Current Gallery Exhibits

Peary-MacMillan Arctic Museum & Arctic Studies Center Peary-MacMillan Arctic Museum & Arctic Studies Center

Current Gallery Exhibits

Kajak!

Kajak!

, Arctic Museum main galleries

Inspired by the full-sized Nunatsiavut kayak given to the College in 1891 and on display in the museum gallery for over 50 years, this exhibit explores making and using traditional kayaks from Greenland, Labrador, and beyond. It features over 20 model kayaks and umiaks, as well as associated equipment, historic film and photographs, and the centerpiece of the exhibit, a full size replica of the 1891 Kajak created for this exhibit.

A Resounding Beat: Music in the Inuit World

A Resounding Beat: Music in the Inuit World

, Arctic Museum main galleries

Traditional and contemporary music is a vibrant part of Inuit society. Inuit visual artists often portray traditional drummers, singers, and dancers in their works, highlighting the ways such performances and songs are crucial links to the past. Contemporary musicians are reviving traditional music, performing pieces in their original forms. At the same time, they are incorporating elements of older musical styles into modern genres, creating unique contemporary sounds.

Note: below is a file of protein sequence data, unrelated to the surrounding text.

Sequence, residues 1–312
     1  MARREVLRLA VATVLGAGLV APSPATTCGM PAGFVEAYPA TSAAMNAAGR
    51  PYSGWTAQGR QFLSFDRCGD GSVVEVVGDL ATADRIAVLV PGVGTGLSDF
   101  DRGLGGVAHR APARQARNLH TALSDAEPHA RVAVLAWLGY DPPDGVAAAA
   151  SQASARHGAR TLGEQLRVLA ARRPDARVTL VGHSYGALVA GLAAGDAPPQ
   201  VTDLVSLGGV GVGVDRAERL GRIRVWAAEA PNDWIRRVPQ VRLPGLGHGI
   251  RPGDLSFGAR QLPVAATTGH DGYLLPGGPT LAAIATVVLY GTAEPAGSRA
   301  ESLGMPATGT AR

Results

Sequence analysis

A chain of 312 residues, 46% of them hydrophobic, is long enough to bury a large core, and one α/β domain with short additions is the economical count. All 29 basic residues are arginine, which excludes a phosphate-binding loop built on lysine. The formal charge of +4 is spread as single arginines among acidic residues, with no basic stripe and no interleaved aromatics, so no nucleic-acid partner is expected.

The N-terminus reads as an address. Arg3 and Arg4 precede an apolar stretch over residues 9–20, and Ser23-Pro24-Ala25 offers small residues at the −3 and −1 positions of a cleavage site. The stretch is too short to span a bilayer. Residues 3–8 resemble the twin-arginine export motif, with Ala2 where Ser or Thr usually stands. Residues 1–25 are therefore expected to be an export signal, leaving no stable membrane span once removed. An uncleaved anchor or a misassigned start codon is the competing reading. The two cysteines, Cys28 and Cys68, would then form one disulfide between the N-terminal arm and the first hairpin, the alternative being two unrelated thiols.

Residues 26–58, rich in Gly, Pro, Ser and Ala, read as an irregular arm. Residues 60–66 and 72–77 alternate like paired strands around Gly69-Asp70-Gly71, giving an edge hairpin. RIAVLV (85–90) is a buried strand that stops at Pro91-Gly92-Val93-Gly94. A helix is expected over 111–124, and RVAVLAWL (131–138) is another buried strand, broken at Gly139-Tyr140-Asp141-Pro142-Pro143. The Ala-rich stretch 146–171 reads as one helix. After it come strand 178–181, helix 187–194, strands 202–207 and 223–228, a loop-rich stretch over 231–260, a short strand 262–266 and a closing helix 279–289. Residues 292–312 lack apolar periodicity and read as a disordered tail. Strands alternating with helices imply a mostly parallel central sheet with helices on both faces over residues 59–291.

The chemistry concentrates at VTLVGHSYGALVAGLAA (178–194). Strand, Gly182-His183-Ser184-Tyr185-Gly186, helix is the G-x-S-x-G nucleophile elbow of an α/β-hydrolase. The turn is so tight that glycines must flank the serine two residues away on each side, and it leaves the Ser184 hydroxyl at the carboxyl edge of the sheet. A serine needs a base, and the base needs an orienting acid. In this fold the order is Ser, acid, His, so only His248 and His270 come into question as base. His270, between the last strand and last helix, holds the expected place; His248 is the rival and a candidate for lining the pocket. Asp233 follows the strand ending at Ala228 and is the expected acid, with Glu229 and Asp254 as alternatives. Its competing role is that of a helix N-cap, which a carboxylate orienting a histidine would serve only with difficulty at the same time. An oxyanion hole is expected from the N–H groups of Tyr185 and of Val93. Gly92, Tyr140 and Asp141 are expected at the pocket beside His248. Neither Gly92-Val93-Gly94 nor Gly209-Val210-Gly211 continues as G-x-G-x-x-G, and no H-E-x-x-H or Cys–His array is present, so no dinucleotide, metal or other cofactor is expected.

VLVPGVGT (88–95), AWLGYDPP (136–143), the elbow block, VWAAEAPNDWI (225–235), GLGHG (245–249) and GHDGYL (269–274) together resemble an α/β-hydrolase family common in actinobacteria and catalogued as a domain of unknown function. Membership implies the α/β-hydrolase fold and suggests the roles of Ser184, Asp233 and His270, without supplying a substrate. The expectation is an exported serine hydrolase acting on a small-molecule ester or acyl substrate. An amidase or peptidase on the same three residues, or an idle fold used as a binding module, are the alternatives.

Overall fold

Colorful Arctic: Donald B. MacMillan’s Lantern Slides

Colorful Arctic: Donald B. MacMillan’s Lantern Slides

, Hubbard Hall foyer

This exhibit presents a selection of Donald B. MacMillan’s gorgeous hand-tinted glass lantern slides, recently digitized with support from the Gladys Krieble Delmas Foundation.

Bowdoin Women in the Arctic

Bowdoin Women in the Arctic

, Hubbard Hall foyer

Fifty years after Bowdoin first admitted women as students, the Peary-MacMillan Arctic Museum reflects on the women associated with the college’s work in the far north in an exhibit of photographs of Western and Inuit woman. From Josephine Peary, who supported her husband Robert’s work from home and in the Arctic, to Tallman Scholar and honorary degree recipient Sheila Watt-Cloutier L.H.H 2008, women have been, and continue to be, an essential part of Bowdoin’s Northern heritage.